For a long time, the focus of environmental action has been on the challenges of climate change, but biodiversity issues are gradually gaining ground. In 2019, the IPBES (Intergovernmental Platform on Biodiversity and Ecosystem Services) global assessment report declared one million plant and animal species threatened with extinction out of an estimated total of 8 million. This unprecedented decline is compounded each year by the International Union for Conservation of Nature (IUCN) biodiversity census and the release of its red list of endangered species. 

Countless scientific reports and the recent pandemic have highlighted the dependence of our health, economy, livelihoods and quality of life on life and ecosystem services. In food, 80% of the world's crops depend on pollination. In medicine, natural products make up, for example, 70% of the drugs used to treat cancer. In terms of climate, marine and terrestrial ecosystems are huge storage sinks for carbon emissions from human activity. Scientists speak of a gross sequestration of nearly 60% of global anthropogenic emissions. 

The future of future generations and the building of a sustainable society depend intrinsically on the preservation of the world's natural heritage. Nevertheless, IPBES finds that the current state of ecosystems and the scenarios that are emerging are jeopardising progress towards achieving 80% of the assessed targets of the UN Sustainable Development Goals related to poverty, hunger, health, water, cities, climate, oceans and land. In economic terms, this translates into heavy losses. Land degradation, for example, has already reduced the productivity of 23% of the world's land surface. 14.2 billion in economic value from insect pollination.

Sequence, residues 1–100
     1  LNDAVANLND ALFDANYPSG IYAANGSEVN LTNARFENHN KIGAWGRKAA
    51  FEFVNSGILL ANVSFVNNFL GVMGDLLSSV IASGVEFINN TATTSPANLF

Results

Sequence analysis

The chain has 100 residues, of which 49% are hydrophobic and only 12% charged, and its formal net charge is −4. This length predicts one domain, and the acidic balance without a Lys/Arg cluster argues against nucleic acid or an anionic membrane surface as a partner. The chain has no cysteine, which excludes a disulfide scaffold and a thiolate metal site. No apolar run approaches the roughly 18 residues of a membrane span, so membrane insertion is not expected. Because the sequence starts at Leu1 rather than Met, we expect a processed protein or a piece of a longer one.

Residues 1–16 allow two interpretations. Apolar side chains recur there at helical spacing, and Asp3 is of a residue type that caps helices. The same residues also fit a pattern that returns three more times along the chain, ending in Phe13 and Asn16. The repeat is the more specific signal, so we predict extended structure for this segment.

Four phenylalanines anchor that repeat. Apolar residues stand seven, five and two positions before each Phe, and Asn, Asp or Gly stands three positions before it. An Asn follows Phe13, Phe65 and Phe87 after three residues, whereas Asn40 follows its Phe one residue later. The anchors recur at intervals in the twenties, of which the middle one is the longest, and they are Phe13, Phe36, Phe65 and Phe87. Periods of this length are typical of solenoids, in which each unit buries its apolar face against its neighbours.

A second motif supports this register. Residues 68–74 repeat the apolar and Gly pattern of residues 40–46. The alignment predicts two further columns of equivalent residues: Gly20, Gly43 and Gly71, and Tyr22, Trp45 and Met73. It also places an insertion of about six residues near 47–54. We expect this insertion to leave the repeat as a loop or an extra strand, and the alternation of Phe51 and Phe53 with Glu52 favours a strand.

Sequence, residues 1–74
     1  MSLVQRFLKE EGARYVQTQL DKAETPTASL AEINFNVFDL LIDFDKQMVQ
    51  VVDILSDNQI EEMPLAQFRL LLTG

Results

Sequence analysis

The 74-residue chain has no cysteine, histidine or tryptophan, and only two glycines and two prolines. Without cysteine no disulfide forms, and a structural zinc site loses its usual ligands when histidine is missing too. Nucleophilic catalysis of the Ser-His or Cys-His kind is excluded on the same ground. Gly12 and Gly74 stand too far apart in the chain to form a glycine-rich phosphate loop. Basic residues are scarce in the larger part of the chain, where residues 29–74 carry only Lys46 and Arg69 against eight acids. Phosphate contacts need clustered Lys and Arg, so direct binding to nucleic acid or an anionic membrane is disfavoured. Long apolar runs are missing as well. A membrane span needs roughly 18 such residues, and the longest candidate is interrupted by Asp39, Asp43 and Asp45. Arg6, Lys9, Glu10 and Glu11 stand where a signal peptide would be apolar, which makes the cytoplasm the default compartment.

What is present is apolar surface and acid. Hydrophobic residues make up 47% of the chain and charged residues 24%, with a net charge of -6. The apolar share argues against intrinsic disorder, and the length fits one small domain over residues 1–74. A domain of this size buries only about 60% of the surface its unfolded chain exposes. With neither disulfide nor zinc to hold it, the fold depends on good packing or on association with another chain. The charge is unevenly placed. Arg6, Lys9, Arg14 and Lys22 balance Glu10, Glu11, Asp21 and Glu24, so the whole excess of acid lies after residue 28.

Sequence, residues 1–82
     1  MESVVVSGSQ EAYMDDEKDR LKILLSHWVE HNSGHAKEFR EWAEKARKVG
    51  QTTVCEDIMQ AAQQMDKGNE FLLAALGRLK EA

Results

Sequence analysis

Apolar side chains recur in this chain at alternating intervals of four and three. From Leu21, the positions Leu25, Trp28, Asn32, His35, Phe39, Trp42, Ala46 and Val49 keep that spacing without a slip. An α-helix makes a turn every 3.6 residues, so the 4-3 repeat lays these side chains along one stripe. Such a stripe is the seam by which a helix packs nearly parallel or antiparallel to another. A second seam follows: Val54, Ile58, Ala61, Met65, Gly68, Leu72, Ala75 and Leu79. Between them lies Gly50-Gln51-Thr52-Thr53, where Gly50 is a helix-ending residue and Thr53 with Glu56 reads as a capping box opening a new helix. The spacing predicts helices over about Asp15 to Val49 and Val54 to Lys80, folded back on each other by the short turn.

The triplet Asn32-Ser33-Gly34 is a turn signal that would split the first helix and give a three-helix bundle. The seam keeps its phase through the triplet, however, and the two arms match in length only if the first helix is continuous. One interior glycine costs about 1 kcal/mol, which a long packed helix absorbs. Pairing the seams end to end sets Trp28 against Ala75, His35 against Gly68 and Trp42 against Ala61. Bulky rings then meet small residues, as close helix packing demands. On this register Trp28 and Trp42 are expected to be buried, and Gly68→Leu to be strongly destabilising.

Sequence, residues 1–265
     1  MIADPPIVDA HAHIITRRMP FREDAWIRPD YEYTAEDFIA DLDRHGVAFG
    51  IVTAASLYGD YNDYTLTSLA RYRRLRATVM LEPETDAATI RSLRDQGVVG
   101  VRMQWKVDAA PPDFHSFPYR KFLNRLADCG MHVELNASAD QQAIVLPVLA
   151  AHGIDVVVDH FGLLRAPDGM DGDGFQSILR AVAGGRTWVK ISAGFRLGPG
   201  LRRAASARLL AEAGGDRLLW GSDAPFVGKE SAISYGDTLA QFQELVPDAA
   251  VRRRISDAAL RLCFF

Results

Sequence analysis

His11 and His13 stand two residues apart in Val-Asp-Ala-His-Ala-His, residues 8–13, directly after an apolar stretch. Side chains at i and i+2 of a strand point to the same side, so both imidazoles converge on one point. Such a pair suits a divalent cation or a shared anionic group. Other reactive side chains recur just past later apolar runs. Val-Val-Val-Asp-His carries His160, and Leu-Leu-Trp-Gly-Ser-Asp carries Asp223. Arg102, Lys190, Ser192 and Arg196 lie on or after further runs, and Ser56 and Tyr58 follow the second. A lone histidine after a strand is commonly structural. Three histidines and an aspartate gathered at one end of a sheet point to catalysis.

The main factors responsible for the erosion of biodiversity are the destruction of habitats, overexploitation of natural resources, climate change, various types of pollution (air, water, soil, etc.) and invasive alien species. These phenomena are part of the response to population growth and global consumption to the detriment of green spaces, marine environments (with two thirds of all seas altered and only 3% of oceans free of human pressure) and wetlands, 85% of whose surface area has already disappeared. 

In 2021, the World Economic Forum ranks the loss of biodiversity and the depletion of natural resources as one of the five greatest risks to humanity. On a global scale, this is an unprecedented awareness by the private sector of the deterioration of nature and its impact on business. Dasgupta's report on the economics of biodiversity, published in February 2021, shows that since the industrial boom, demands have far outstripped nature's capacity to provide the goods and services on which developed countries depend. Ecosystems no longer have time to regenerate. Resources are dwindling. And the biosphere of which we are a part is being degraded. Also in 2021, the NGO Action Forum held as part of the first part of COP15 in October, also mentions the private sector to be engaged to leverage green finance and environmental, social and governance systems.











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The subject was also the main theme of the annual IMS Forum with the intervention of many national (MECDD, MHNH, LIST, Natur&Emwelt, ProSud, City of Luxembourg...) and international (IPBES, IPCC, WWF, WBCSD, Marie-Monique Robin, Alexis Rosenfeld...) experts to raise the awareness of the general public.




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